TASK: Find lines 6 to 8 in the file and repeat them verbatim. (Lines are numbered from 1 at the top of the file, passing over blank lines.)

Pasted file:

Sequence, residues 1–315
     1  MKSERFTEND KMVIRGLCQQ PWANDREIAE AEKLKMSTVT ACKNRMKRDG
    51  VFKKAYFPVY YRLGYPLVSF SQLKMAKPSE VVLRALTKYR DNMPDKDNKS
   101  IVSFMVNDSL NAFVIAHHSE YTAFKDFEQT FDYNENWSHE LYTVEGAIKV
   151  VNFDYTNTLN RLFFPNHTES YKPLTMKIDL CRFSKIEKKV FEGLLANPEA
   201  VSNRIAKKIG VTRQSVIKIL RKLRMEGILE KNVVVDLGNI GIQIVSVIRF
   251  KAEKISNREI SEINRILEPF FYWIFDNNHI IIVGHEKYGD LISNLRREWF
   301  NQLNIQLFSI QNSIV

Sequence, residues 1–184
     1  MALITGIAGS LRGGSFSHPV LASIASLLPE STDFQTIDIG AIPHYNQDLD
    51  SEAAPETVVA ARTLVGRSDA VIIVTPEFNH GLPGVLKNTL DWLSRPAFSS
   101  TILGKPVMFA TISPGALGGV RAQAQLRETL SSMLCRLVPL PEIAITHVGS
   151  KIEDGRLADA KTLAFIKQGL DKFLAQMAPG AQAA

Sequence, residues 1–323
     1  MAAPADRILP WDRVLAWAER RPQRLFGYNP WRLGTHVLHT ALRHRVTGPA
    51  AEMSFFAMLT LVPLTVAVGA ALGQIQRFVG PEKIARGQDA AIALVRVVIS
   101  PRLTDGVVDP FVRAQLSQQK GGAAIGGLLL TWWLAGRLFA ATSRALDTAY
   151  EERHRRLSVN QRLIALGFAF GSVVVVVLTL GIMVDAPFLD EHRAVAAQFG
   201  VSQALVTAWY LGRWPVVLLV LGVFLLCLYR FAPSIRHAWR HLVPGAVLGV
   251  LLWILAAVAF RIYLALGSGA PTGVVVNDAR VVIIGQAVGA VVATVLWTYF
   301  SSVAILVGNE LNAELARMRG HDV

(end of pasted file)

   201  VSNRIAKKIG VTRQSVIKIL RKLRMEGILE KNVVVDLGNI GIQIVSVIRF
   251  KAEKISNREI SEINRILEPF FYWIFDNNHI IIVGHEKYGD LISNLRREWF
   301  NQLNIQLFSI QNSIV